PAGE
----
Not All iPhone Rivals Are Created Equal
Apple has set the bar high for mobile phones _ finding a product as fun and versatile as its iPhone is difficult. But because some people may not want to use AT&T, the iPhone’s exclusive U.S. carrier, I’ve been testing two new touch-screen competitors.
Neither Sprint’s Samsung Instinct nor Verizon’s LG Dare has touch controls as intuitive as the iPhone’s, but both have desirable features lacking in Apple’s product.
The Instinct can shoot videos; the iPhone cannot. And through Sprint, you can watch live TV, send picture messages and access a GPS feature that makes the iPhone’s revised Maps application feel dated. You even can e-mail a photo and attach a voice comment. Pretty cool stuff, and all worked well in my tests.
The GPS-based navigation is provided by TeleNav and, like dashboard-mounted units, offers voice-based turn-by-turn driving directions. Sprint also offers this on other phones.
Hence, one of the Instinct’s advantages is that it includes a few of Sprint’s better products. Another is the Sprint TV service, which remains the best among carriers.
Navigating the Instinct is simple. There’s an icon of a house at the bottom that indicates the home screen. Then there are touch tabs to help you navigate the phone. There’s a tab for “main,” which holds e-mail, voicemail and the navigation program; a tab for “fun,” where you can access TV, radio, the disappointing 2-megapixel camera and games; and a tab for “Web,” which has links for sports, weather, news and a useful live-search button.
With search, you can speak into the phone, say “sushi,” and a list of nearby Japanese restaurants pop up. Click on one you like, and a phone number and directions are offered. You also can e-mail or text-message that information to a friend. (There are applications for the iPhone that offer a similar function.)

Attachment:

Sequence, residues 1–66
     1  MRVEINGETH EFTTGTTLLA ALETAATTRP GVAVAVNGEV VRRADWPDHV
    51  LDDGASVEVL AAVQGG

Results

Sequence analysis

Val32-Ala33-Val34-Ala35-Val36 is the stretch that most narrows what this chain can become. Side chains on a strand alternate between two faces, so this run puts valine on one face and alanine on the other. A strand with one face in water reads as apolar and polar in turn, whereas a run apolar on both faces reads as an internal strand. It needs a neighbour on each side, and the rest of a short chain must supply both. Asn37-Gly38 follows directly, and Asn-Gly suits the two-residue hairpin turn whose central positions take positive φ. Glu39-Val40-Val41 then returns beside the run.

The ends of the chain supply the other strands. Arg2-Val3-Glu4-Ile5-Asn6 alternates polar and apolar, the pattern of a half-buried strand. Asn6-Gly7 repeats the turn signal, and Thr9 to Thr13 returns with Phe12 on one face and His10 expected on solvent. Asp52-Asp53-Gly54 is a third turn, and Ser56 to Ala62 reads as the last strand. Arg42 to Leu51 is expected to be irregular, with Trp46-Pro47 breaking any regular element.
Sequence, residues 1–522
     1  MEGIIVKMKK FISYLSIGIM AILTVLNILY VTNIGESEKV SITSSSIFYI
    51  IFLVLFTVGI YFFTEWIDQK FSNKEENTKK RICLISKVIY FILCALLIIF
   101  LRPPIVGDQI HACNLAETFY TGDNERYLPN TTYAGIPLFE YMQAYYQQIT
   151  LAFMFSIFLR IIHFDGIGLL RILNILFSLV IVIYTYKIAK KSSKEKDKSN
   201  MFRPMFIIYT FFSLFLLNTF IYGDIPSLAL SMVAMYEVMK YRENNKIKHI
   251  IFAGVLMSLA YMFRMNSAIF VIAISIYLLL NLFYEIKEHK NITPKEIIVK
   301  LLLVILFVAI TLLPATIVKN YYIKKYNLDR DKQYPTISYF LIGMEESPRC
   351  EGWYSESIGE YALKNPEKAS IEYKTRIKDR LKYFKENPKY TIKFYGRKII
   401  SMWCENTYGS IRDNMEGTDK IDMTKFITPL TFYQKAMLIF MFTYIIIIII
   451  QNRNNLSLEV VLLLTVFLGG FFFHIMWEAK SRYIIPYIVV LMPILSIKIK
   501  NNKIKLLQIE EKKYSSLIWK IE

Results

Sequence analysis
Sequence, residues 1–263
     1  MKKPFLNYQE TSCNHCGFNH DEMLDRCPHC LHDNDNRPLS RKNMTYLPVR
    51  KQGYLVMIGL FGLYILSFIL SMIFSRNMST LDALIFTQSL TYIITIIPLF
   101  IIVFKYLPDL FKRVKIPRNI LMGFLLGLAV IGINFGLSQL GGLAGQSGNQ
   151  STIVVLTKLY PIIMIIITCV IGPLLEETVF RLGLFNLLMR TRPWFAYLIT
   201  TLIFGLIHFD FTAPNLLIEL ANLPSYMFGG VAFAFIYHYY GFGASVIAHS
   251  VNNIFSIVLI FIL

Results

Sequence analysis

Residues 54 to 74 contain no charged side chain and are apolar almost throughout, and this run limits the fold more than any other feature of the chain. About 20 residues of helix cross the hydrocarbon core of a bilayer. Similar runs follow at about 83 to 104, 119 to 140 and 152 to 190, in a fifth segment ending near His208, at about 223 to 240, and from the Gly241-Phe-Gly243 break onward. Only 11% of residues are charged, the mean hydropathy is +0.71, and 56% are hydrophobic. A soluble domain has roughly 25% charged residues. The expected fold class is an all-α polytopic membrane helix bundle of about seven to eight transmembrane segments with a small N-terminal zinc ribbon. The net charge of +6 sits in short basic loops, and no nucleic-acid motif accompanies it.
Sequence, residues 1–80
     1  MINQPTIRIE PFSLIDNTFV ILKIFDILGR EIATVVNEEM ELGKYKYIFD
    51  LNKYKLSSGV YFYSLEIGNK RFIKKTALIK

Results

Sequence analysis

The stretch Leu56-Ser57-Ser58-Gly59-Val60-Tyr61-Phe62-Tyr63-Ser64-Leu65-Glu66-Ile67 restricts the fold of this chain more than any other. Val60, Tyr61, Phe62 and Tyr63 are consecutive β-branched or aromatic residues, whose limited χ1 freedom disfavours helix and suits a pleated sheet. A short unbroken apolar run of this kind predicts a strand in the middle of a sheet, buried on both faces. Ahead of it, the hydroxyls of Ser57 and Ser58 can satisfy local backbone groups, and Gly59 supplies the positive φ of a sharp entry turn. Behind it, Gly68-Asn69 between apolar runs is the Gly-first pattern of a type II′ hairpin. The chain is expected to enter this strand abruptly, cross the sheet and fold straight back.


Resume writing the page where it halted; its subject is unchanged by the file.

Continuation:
Adding my Gmail account was nearly as quick and simple as on the iPhone. Plus, the e-mail integration for sending restaurant details or pictures worked well.
The Web browser, on the other hand, is clumsy. Navigation is not as intuitive as the iPhone’s.
The Instinct is attractive and priced competitively at $129. Despite the Web-surfing issues, you’ll want to get a data plan with this phone because, like the iPhone, there’s no reason to own it if you want to only make calls.
With the LG Dare, you get the feeling that Verizon called all the shots, and LG simply provided the hardware. Where the Instinct uses some Sprint features, the Dare is all Verizon. If you like Verizon’s services, you probably will like this phone.
But Verizon’s approach, I fear, does not allow an otherwise interesting phone the space it needs to breathe. There are pluses with the Dare, notably the 3.2-megapixel camera and the ability to create video, but any innovation that may have been present has been overwhelmed by Verizon.
One example: Setting up my Gmail account was easy, but the phone doesn’t tell me when I have new e-mail messages. Rather, I have to tap through a few menu screens to find the mobile-mail key, and tap on that again to open the account.
With the Instinct and iPhone, I hit the e-mail key and my account opens. Worse with the Dare, there is no integration with my mobile e-mail and other features, such as sending a photo.
Navigating the phone is simple, and it offers Verizon’s VZ Navigator service.
But there is no improvement with the touch controls. I made many errors, as I had to press firmly _ the virtual keys are not as spongy as on the Instinct _ when typing out a message.
As for Web surfing, the touch controls slow down browsing. You can use your finger to scroll up or down or side to side, but it’s not nearly as responsive as on the iPhone.
Priced at $199, the Dare does not provide a compelling reason to leave one carrier to join Verizon.
(Eric Benderoff writes about technology for the Chicago Tribune. Contact him at firstname.lastname@example.org or at the Chicago Tribune, 435 N. Michigan Ave., Chicago IL 60611.)
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